Does telecommuting actually increase productivity?
Yahoo! CEO bans flexible work environments, although studies suggest flexible work environments benefit both corporations and individuals.
Studies show that telecommuting is on the rise and the tangible benefits of a flexible work environment.
Some 30 million people work from a home office at least once a week. In the next five years, that number is expected to increase by 63 percent, according to a study by the Telework Research Network.
“As an employer, restricting your hiring to a small geographic region means you’re not getting the best people you can,” writes David Heinemeier Hansson and Jason Fried, founders of 37signals and authors of “REMOTE: Office Not Required” (Crown, March 2013). “As an employee, restricting your job search to companies within a reasonable commute means you’re not working for the best company you can.”
Research out of Stanford University indicates that super-productive employees work their best from home, not in the office.
To study whether employees are more or less productive at home or in the office, the researchers created perhaps the first randomized study of remote work at Ctrip, a travel agency in Shanghai, China with 13,000 employees.
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In its coverage of the 9-month study, Wired found:
- Those who worked at home had a 12 percent increase in productivity over their peers.
- This group had a 50 percent drop in attrition and reported higher feelings of work satisfaction than those who reported to the office.
- Of that (12 percent) increase, 8.5 percent came from working more hours (due to shorter breaks and fewer sick days).
- 3.5 percent came from more performance per minute.
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“Work schedules are not always a one-size fits all type of approach so there are definitely benefits to workplace flexibility,” says Deborah Sweeney, CEO of MyCorporation.com. “Many positions necessitate a presence in the office, but you may actually get more out of your employees when they have more flexible schedules.”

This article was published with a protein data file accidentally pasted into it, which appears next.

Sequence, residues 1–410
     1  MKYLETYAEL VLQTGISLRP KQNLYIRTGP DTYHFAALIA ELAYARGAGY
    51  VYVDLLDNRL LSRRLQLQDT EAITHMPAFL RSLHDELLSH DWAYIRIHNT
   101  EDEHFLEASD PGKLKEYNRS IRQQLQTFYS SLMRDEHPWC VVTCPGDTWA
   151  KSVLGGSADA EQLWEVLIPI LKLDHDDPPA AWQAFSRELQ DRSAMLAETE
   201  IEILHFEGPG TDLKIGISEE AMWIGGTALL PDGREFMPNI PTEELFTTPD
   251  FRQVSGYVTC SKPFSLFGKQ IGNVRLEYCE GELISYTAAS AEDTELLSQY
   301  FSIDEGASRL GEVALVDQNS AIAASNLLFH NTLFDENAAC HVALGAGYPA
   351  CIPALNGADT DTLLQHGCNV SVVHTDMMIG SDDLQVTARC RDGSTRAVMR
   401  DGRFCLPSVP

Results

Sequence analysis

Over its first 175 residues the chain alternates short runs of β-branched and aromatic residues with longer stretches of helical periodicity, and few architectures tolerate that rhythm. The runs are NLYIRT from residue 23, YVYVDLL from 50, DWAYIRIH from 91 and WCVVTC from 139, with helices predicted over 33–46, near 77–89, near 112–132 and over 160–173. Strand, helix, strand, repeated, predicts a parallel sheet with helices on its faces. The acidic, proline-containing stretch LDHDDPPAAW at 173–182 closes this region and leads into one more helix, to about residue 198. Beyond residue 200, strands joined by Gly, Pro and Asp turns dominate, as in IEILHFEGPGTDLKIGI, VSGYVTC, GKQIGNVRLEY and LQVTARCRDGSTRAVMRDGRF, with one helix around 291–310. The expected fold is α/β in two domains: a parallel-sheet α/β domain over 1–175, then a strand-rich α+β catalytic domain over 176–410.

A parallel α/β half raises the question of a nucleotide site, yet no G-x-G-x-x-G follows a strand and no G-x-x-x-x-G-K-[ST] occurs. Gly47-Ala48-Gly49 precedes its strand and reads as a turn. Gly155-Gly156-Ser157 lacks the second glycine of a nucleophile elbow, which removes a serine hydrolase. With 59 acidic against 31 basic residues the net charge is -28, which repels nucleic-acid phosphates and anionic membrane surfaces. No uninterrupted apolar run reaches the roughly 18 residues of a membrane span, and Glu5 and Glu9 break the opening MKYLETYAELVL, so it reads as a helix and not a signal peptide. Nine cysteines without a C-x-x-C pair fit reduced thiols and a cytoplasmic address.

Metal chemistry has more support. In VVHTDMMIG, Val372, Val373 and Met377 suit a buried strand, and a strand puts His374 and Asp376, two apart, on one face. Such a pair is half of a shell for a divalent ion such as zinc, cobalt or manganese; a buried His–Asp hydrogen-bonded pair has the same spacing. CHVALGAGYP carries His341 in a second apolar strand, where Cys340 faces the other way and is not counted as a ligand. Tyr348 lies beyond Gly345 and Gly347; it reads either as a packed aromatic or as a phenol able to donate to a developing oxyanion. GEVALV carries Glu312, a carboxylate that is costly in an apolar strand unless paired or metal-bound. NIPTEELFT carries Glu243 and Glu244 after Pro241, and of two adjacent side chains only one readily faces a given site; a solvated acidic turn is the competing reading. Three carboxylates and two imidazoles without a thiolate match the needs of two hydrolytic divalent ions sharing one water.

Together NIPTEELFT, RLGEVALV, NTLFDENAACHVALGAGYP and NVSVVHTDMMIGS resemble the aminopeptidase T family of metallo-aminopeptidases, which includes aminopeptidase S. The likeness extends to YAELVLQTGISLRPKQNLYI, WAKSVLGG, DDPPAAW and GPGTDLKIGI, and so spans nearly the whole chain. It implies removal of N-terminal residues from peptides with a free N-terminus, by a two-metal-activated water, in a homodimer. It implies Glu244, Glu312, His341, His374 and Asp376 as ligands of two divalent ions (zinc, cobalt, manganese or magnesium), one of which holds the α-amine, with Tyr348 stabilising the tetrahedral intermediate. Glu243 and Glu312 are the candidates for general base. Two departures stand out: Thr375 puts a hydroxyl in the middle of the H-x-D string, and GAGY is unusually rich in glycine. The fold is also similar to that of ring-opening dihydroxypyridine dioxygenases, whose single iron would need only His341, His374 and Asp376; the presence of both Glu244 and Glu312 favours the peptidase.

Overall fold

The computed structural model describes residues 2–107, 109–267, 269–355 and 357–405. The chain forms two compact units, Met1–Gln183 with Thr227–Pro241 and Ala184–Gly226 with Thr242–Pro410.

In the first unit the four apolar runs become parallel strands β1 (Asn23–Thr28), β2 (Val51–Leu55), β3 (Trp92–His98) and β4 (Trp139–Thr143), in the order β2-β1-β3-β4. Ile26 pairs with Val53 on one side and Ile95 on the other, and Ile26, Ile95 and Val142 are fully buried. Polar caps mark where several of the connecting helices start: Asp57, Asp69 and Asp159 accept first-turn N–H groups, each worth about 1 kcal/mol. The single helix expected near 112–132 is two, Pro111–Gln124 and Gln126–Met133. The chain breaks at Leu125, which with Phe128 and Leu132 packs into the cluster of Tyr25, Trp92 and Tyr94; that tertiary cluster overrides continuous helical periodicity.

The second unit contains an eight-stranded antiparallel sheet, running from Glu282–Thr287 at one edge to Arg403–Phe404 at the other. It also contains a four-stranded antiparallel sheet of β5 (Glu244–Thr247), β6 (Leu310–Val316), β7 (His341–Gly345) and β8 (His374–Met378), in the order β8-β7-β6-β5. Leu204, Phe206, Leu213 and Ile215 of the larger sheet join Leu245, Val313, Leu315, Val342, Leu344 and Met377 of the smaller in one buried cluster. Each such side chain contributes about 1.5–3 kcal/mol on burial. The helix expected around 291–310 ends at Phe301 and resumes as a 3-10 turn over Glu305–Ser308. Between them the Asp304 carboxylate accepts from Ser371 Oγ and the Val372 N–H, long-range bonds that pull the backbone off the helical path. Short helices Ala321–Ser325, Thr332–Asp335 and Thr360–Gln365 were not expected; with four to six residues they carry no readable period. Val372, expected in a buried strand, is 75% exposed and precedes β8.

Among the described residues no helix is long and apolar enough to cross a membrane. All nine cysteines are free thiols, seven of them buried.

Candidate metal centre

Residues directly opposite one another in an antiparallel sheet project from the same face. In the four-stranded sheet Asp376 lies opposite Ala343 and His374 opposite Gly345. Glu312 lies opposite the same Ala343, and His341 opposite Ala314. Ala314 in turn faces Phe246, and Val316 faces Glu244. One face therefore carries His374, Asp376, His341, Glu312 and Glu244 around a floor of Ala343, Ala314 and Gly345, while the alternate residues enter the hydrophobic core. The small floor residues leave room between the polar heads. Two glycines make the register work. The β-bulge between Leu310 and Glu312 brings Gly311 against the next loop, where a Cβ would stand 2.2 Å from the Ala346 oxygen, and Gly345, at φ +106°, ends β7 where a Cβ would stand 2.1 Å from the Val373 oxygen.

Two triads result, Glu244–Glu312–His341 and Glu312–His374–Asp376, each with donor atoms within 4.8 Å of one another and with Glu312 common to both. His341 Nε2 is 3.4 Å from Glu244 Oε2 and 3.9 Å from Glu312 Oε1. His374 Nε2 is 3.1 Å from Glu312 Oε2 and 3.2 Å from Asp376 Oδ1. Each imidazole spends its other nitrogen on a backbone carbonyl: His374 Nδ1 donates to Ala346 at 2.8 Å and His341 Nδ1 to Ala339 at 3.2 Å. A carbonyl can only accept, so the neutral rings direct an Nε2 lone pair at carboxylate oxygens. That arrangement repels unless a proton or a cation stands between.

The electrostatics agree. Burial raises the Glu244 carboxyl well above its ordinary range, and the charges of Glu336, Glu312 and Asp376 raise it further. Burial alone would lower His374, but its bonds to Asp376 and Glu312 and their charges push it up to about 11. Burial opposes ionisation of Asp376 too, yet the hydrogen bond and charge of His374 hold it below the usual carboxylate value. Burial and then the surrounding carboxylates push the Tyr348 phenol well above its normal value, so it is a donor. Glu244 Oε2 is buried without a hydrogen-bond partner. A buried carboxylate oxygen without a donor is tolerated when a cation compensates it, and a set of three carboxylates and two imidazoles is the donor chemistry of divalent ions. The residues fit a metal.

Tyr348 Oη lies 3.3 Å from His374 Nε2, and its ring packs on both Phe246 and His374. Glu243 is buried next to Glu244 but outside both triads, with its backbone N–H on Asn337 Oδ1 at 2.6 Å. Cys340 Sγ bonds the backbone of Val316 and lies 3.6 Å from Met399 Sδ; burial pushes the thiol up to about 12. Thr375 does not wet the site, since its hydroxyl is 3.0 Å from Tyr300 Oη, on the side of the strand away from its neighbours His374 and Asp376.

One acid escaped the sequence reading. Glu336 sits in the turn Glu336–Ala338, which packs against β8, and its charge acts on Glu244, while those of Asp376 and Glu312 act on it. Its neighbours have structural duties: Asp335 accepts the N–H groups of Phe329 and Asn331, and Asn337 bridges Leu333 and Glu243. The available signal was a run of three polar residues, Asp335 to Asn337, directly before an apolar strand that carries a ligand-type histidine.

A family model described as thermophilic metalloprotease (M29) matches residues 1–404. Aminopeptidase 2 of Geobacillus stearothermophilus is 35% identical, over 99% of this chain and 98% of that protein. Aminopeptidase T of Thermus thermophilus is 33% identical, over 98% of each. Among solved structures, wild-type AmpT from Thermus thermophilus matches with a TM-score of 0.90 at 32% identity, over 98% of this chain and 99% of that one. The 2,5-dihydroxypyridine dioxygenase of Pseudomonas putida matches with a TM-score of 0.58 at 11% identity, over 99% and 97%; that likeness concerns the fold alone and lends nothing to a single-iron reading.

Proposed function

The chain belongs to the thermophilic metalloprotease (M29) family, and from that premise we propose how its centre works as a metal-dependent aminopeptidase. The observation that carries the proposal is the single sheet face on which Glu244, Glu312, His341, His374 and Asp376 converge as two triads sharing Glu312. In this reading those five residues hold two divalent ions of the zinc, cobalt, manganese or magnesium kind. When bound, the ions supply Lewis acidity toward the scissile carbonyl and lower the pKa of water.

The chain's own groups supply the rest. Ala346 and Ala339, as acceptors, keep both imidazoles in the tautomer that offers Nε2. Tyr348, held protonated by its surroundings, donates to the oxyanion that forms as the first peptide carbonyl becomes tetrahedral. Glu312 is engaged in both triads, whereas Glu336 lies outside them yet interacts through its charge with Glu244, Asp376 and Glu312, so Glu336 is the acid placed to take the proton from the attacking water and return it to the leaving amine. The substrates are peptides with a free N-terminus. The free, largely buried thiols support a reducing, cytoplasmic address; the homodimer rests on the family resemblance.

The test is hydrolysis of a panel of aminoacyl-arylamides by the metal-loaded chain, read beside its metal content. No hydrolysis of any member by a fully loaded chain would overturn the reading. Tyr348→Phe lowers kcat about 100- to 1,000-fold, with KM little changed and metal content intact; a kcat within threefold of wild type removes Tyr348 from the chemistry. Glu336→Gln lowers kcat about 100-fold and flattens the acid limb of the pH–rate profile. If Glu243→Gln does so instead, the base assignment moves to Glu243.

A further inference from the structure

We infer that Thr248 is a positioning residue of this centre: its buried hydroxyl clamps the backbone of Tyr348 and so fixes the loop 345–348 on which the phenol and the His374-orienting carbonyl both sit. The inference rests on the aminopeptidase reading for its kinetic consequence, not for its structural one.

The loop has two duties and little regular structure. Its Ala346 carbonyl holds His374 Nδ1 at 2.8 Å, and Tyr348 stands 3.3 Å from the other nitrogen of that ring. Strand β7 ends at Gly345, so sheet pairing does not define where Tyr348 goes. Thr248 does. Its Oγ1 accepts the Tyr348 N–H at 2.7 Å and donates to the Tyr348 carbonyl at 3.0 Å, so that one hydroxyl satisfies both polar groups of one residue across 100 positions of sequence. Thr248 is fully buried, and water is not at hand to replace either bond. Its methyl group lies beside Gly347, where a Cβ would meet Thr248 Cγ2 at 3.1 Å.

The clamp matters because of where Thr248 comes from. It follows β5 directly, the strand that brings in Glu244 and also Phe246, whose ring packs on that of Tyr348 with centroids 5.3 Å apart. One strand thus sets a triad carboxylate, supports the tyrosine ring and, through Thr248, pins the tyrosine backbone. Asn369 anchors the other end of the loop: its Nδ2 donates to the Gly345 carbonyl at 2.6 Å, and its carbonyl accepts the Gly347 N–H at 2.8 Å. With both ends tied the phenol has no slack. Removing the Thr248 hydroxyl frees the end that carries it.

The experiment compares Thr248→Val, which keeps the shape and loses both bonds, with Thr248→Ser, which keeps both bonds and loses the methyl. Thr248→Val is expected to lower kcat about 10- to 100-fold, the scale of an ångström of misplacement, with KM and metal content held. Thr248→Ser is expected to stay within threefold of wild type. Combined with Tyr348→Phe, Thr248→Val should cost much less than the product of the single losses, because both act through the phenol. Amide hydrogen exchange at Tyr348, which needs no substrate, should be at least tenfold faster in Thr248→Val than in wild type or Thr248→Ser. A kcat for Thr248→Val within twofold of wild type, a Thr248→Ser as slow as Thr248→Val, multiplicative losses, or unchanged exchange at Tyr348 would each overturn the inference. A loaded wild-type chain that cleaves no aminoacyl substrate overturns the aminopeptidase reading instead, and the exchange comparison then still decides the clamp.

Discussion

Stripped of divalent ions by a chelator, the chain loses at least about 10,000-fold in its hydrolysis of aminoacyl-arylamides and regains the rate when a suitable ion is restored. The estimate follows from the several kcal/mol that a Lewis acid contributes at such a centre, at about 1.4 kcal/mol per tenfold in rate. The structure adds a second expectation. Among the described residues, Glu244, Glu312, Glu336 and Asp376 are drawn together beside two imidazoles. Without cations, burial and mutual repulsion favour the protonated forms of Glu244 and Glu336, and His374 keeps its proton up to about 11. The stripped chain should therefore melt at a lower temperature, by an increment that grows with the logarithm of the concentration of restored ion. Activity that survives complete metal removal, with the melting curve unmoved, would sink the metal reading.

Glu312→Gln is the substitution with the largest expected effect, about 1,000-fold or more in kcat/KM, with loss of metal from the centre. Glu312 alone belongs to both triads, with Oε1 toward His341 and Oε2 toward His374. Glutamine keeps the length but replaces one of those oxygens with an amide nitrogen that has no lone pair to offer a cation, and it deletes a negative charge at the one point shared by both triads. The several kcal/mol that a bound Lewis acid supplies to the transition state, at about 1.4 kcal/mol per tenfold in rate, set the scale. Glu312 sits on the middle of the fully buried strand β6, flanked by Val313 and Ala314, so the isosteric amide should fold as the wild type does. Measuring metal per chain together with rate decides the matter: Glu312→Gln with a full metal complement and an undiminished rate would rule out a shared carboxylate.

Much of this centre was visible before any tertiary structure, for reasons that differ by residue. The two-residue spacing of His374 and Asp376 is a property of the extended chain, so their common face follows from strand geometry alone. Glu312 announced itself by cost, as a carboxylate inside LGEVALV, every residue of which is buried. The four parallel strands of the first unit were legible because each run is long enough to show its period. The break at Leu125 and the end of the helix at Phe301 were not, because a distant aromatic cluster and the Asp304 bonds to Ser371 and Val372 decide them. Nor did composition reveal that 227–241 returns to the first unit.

Though they seem to be in the minority, some people believe Mayer is making the right call.
“For what it's worth, I support the no working from home rule. There's a ton of abuse of that at Yahoo. Something specific to the company,” a former Yahoo engineer told Business Insider.
Do you think those who work from home are more productive employees than those who put in time at the office?
Photo: Ken Wramton/Getty Images
I have worked in office and remotely for over 30 years. I have found there are those who tried telecommuting discovered it is not for them. And, there are those who discovered they thrive because either their concentration is greater, and therefore meet their deadlines, or their need for a challenge is a springboard to meet their goals. Why do professionals meet their deadlines?
There are those who find going into the office with the loud conversations over the cubicles too distracting. Then again, there are those who go into the office find the conversations from those they only see when they come into the office welcome.
You have to ask yourself - what is the goal? Is the requirement that people be present in the office mandatory because they will meet a goal? Why if they are meeting the goal already? Does it go back to the "old days" where a manager needs to see you at your desk? The ethics of the modern day professional where the need to excel the individuals career goals in order to advance through the company is parlayed and often shot down in the name of company downsizing - to better the company.
What level professionalism?
Like any job - the right person, the right job, the right fit. For whatever reason they telecommunte, the goal is the professional meets their deadlines. For Yahoo to mandate that workers must be present in the office .... what a shame. The company will lose so much more than just employees, they will lose customers with this backward thinking.
It's really easy to track what a telecommuter is doing. The work-at-home person signs into the company computer and enters phone calls made, emails sent and received, letters composed on the computer, reports written, so many tasks and so many ways to keep track. If a worker is AFK (away from keyboard) they can summarize work actually done while away, or just count it as a break in the workflow (for lunch, doctor appointment, kid pickup, or whatever.) Sure, turn up at the office once a week for face to face time. What about computer picture phone calls if you want to see faces and for the supposed inspiration that comes from meetings. (Don't call them annoying clowns that slow you down with gossip, and sell candy bars and cookies that their kids should be selling for the experience.)
inspire: live a better life
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